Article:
Today, we published our social media trends forecast for 2011. When we published our first forecast in 2008, social media was still in its infancy. Often people would ask us, half smiling, if social media isn’t just a fad that’s going to go away. The notion of Facebook, Twitter, and mobile connectedness seemed like the territory of teenagers with extra time on their hands. And yet, within the last two years, social media—and more importantly—the application of social technologies, has come farther and faster than most imagined possible.
For each article, we apply a design-thinking-based exploration process and frameworks to help us push the envelope on our thinking. We interview and survey technology experts, thought leaders across various fields, and executives in Fortune 500 and startup companies who get to work daily with new technologies and adoption processes.
The toughest part is choosing which trends to focus on for the 12 months to follow: it’s a fine balance between pushing hard enough and making sure we’re still within the timeframe (or we might as well write a sci-fi novel). For the 6-week period prior to publishing the forecast, our walls are typically covered with hundreds of post-its, in various colors, as we synthesize the massive information we have and go though cycles of insight generation.
Interesting in this year’s process was the realization that we have moved from disambiguating social media to focusing on operational application of social technologies. In 2008 we focused on setting the parameters around this thing called social media. Back then we predicted 2009 would be about building relationships online, meaning, relevance, and cross-platform experiences. In 2009 we discussed the move to “connectedness” and identified 10 important trends we would be seeing for both consumers and companies and included ROI, enterprise adoption of social media, and interesting online-offline integration. And now, the conversation is shifting again and is focusing on the application of social technologies across all touch points we have with others, with companies, and with information. We have moved from “brainstorming” what is social media and why Facebook and Twitter are important tools, to operational discussions of social solutions’ integration into companies’ technologies, budgets, and organizational structure.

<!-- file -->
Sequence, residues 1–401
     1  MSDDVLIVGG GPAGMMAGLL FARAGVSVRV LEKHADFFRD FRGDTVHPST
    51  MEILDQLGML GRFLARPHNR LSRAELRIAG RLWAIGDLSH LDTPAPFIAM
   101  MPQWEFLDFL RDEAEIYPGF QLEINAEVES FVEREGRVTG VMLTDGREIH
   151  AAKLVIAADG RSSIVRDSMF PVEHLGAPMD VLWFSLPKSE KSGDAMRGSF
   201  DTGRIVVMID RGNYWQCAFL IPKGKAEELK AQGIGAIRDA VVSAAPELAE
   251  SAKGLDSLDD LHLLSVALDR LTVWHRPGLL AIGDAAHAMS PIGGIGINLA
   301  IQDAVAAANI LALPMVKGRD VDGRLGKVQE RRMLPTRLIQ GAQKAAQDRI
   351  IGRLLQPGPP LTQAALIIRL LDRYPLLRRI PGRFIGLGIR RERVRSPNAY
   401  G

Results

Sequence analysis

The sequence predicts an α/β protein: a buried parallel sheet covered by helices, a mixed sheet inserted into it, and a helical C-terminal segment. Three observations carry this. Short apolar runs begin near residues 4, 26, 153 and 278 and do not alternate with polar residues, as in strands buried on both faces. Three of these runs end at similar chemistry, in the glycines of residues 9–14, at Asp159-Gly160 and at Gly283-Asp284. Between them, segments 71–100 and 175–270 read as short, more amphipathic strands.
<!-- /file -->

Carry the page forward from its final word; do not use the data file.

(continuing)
What we once called social media has run its course. Today, we are focusing on all things social: social content consumption and creation, social activities, social decision making, and much more. “Social” has (or soon will) become an integral part of business operation, and as such, it has moved from being the newest, most exciting, shiny object to becoming a standard component of how business is done today.
A little less exciting, but definitely real.
We’d love to hear your thoughts on social media in 2011. Feel free to comment here or on ReadWriteWeb where the conversation is already going strong.